Here’s a statement just released by Claremont McKenna College (about the incident blogged about here):

Claremont McKenna College has completed the full conduct process after students blocked access to the Athenaeum and Kravis Center on April 6, with the expressed intent to shut down that evening’s speaker, Heather Mac Donald, the Thomas W. Smith Fellow at the Manhattan Institute.

Findings and Outcomes

On the evening of April 6, a group of approximately 170 individuals from the Claremont Colleges and others outside our community organized, led, and executed a blockade of the Athenaeum and the Kravis Center. They breached the perimeter safety and security fence and campus safety line, and established human barriers to entrances and exits. These actions deprived many of the opportunity to gather, hear the speaker, and engage with questions and comments.

The blockade breached institutional values of freedom of expression and assembly. Furthermore, this action violated policies of both the College and The Claremont Colleges that prohibit material disruption of college programs and created unsafe conditions in disregard of state law.

Through a review of available video and photographic evidence, the College initially identified twelve CMC students as potential participants in the blockade. After further review, the College charged ten students with violations of College policy. Three of those students were then found not responsible for any violation. After a full conduct investigation and review process for the remaining seven students, an independent community panel found each student responsible for policy violations.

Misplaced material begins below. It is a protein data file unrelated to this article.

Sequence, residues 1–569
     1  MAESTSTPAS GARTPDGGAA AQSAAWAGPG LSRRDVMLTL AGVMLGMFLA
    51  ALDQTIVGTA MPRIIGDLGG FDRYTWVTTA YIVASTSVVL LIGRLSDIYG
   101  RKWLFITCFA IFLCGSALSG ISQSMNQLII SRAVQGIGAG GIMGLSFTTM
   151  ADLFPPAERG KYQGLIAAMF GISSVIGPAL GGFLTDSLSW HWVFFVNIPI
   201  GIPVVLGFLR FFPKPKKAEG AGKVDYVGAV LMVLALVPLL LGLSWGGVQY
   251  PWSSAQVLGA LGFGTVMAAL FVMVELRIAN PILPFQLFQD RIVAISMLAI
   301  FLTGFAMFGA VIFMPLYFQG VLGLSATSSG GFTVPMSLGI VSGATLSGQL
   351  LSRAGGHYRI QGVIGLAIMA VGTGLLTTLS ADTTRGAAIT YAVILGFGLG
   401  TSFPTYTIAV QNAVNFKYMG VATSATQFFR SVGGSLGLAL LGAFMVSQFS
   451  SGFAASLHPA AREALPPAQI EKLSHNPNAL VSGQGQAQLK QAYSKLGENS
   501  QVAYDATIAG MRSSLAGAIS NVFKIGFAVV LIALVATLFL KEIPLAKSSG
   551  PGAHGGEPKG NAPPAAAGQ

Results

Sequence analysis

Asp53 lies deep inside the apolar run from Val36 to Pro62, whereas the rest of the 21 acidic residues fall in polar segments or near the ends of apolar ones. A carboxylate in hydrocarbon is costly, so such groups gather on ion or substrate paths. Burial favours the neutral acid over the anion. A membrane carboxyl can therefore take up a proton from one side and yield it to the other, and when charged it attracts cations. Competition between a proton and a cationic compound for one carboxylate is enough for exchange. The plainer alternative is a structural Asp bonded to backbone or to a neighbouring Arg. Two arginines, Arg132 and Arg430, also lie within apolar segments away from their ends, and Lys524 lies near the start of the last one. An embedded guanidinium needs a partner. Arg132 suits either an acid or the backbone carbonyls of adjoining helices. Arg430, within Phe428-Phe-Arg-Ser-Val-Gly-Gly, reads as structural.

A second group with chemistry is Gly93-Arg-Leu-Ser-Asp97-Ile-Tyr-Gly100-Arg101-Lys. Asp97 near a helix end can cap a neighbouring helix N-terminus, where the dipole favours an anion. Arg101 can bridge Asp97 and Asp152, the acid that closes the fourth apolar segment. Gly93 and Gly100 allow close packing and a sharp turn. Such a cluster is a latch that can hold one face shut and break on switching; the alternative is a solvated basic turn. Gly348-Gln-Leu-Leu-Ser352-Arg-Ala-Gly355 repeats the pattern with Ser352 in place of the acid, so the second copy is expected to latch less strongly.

Three students received one-year suspensions.
Two received one-semester suspensions.
Two were put on conduct probation.
All sanctions include strong educational components.

The College followed a full, fair, and impartial student conduct process before the determination of findings, sanctions, and the resolution of appeals. Efforts to politicize and interfere with this process had no influence on timing or decisions. Students had an opportunity to be heard, pose questions, ask for further investigation, and raise objections throughout the process. The independent panel of three (one panelist each from the faculty, staff, and student body) determined their findings of responsibility on a preponderance of video and photographic evidence and a limited amount of witness testimony. Sanctions were based on the nature and degree of leadership in the blockade, the acknowledgment and acceptance of responsibility, and other factors.